staff determine which DHS component agency may have responsive records; 
and
     If your request is seeking records pertaining to another 
living individual, you must include a statement from that individual 
certifying his/her agreement for you to access his/her records.
    Without this bulleted information the component(s) may not be able 
to conduct an effective search, and your request may be denied due to 
lack of specificity or lack of compliance with applicable regulations.

Record access procedures:
    See ``Notification procedure'' above.

Contesting record procedures:
    See ``Notification procedure'' above.

Record source categories:
    Records in the system are supplied by several sources. In general, 
information is obtained from individuals covered by this system, and 
other Federal, State, local, tribal, or foreign governments. More 
specifically, DHS/ICE-011 records derive from the following sources:
    (a) Individuals covered by the system and other individuals (e.g., 
witnesses, family members);
    (b) Other Federal, State, local, tribal, or foreign governments and 
government information systems;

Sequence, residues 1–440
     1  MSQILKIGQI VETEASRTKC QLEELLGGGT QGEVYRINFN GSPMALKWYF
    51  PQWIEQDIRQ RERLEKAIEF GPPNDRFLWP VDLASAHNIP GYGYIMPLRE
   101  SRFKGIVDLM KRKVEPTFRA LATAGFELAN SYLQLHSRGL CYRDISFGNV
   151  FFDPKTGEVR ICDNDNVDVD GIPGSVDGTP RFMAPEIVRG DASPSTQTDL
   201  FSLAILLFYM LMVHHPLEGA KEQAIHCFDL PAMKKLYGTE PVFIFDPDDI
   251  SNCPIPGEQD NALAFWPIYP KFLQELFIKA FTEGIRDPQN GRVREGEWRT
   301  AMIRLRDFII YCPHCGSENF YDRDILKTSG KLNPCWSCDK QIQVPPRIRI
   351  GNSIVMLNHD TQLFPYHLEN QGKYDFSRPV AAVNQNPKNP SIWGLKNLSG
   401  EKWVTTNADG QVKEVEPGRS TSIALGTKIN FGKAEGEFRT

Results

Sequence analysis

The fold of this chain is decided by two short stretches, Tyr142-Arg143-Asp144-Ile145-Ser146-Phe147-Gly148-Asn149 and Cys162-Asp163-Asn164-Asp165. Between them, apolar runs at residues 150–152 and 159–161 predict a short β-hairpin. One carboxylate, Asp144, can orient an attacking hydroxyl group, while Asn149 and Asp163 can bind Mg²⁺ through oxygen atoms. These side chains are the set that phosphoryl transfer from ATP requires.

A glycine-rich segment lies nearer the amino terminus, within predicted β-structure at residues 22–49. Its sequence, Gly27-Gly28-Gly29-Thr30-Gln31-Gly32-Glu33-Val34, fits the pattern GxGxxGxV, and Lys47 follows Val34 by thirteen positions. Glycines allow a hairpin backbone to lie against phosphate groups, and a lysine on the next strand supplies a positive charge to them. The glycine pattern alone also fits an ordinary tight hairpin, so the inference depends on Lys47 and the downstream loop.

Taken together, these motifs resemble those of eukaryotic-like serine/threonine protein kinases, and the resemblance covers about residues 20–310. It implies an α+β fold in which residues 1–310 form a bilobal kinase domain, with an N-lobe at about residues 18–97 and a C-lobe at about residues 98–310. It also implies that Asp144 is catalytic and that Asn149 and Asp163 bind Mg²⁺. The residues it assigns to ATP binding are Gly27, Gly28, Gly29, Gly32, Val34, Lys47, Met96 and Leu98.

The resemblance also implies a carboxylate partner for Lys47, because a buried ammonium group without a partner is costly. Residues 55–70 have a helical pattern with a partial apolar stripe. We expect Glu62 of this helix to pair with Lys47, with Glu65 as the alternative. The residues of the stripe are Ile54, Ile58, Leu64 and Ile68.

(c) Business records;
    (d) Evidence, contraband, and other seized material; and
    (e) Public and commercial sources.

Exemptions claimed for the system:
    The Secretary of Homeland Security has exempted portions of this 
system of records from subsections (c)(3) and (4); (d); (e)(1), (e)(2), 
(e)(3), (e)(4)(G), (e)(4)(H), (e)(5), and (e)(8); and (g) of the 
Privacy Act pursuant to 5 U.S.C. 552a(j)(2). In addition, the Secretary 
of Homeland Security has exempted portions of this system of records 
from subsections (c)(3); (d); (e)(1), (e)(4)(G), and (e)(4)(H) of the 
Privacy Act pursuant to 5 U.S.C. 552a(k)(2). These exemptions apply 
only to the extent that records in the system are subject to exemption 
pursuant to 5 U.S.C. 552a(j)(2) and (k)(2).
    In addition, to the extent a record contains information from other 
exempt systems of records, DHS will rely on the exemptions claimed for 
those systems.

Mary Ellen Callahan,
Chief Privacy Officer, Department of Homeland Security.
[FR Doc. 2010-10286 Filed 4-30-10; 8:45 am]
BILLING CODE 9111-28-P